I assume that the Mac has a utility like Windows' Task manager that can show, in real time, the amount of free and used RAM. Keep this open while working and you'll get an idea of whether your apps and workflow are using all or most of your RAM.
The OS X utility is called Activity Monitor. However, unlike the MS Windows Resource Monitor, in the current version of OS X it does not display the operating system kernel counters for paging activity. It has a "Swap Used" metric, but that's a very blunt instrument. (OS X does include a sophisticated utility called DTrace which allows the user to probe the kernel counters. However, it has a moderately steep learning curve.)
I personally don't put much stock in either operating system's low-resolution monitoring utilities, but at least the Microsoft one offers information that is directly relevant to determining whether more memory would be useful. The problem is that it's difficult to interpret what the display means unless you have so much physical memory installed that some of it is always free. Assuming you are
using all the physical memory in the machine, in a Microsoft environment it is possible to monitor the memory consumption of the process whose performance you want to optimize. The "commit charge" shows how much virtual memory—either physical memory or backing store—the process is using. (In other words, the aggregate memory the process has requested.) The "shareable working set" displays the amount of virtual memory that can be paged-out if another process makes a demand for physical memory on the operating system. The "hard faults/sec" metric shows how often the monitored process needs to request that a block be pulled off the swap storage device and placed in physical memory.
But the hard part, whether you use the Microsoft Resource Monitor or probe the OS X kernel with the DTrace utility, is to figure out how much demand-paging is too much for a particular process. Most modern application programs spawn multiple coactive threads of control (in effect, mini-processes), some of which are born and die rather quickly and some of which persist for a long time. They all share the same virtual memory by default (although the programmer can explicitly protect a thread's memory from other threads). Some threads probably have more influence on whether an application seems slow than others. Unless you are thoroughly familiar with the application's internals, I'm not sure any technical performance monitoring will be a more useful guide than experimenting with the things you can directly control—namely how many applications are running at the same time.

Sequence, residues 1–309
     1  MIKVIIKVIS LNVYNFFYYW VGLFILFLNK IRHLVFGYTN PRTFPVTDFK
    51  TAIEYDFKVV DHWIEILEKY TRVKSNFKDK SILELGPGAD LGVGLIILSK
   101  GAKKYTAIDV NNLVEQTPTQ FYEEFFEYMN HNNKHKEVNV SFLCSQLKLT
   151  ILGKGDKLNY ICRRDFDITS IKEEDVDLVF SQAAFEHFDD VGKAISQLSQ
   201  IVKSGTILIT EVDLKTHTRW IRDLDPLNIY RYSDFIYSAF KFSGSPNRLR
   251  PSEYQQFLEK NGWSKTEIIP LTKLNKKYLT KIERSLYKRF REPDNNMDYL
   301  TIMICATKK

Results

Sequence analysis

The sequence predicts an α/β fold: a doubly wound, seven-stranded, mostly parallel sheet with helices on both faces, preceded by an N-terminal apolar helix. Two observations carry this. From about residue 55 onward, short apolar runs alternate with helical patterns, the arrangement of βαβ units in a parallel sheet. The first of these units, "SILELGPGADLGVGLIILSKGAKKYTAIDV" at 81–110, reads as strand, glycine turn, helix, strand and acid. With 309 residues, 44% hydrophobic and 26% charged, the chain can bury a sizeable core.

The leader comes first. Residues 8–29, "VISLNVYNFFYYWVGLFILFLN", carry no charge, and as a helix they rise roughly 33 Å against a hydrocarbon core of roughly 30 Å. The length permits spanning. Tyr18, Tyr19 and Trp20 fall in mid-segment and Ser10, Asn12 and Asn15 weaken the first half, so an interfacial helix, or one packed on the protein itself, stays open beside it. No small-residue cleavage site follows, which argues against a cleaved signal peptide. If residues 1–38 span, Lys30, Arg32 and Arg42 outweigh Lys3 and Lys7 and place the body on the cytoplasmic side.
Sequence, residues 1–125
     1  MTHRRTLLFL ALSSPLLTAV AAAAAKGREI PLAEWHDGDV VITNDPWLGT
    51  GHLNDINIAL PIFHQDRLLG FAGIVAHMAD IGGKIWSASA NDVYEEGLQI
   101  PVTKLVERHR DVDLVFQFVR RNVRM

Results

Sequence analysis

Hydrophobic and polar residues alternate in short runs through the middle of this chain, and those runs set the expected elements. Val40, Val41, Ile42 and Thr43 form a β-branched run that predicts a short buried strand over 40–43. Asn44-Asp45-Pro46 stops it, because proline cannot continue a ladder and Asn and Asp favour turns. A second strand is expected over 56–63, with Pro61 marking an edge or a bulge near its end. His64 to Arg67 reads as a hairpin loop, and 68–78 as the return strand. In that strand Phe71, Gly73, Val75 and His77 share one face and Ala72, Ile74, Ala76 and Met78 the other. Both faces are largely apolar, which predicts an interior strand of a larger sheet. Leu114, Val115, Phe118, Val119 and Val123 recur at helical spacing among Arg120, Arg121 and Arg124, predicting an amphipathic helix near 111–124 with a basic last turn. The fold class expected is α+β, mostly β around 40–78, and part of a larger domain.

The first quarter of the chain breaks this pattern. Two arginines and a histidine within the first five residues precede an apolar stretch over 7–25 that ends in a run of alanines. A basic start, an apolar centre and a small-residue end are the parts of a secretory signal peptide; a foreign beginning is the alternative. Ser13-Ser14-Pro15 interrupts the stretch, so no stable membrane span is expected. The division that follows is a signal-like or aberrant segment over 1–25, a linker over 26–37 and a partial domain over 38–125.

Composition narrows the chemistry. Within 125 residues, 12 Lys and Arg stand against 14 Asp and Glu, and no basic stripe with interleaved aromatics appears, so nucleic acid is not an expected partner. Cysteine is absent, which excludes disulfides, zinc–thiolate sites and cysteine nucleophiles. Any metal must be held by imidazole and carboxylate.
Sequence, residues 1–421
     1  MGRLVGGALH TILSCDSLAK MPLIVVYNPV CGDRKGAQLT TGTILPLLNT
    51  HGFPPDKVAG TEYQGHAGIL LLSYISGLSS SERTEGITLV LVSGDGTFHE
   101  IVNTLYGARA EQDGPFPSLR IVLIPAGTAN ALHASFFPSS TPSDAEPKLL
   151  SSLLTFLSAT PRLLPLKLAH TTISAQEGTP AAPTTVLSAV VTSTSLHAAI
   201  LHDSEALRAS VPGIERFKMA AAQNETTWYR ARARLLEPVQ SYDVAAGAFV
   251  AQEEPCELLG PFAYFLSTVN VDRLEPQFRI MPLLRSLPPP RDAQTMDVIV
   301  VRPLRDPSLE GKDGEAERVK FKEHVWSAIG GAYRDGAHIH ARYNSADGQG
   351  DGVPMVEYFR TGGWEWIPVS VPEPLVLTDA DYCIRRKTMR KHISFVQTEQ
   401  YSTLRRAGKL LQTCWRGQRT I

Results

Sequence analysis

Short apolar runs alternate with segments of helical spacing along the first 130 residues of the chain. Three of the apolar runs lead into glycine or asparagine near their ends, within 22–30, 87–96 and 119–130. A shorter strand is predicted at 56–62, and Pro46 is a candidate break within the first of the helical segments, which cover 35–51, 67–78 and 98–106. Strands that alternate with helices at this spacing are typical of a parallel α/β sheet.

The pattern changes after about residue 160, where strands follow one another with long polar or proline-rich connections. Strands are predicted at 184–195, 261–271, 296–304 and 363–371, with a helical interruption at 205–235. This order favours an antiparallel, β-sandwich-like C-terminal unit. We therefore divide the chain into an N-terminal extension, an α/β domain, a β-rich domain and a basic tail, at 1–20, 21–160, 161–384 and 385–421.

Jeff Schewe tells us that Lightroom should be happy as long as it has access to 16 GB of physical memory (minus operating system overhead). So my feeling is that the best way to determine whether Lightroom would perform better with more RAM would be something along these lines:
- If you always have some free memory when Lightroom is running, you don't need more.
- Otherwise, if LR seems sluggish, try terminating other applications that may be competing with it for physical memory.
- If LR still seems sluggish after terminating inessential applications, add more memory and hope that the improvement will be sufficient.
I've done a fair amount of performance-tuning over the years, but that was mostly on large multiuser computers that were required to execute several (or many) application programs simultaneously and where I had tools at my disposal to modify the behavior of both the system and the application programs. For a single-user desktop or laptop, I just don't have any confidence that a technical approach will yield a better result than the simple algorithm above.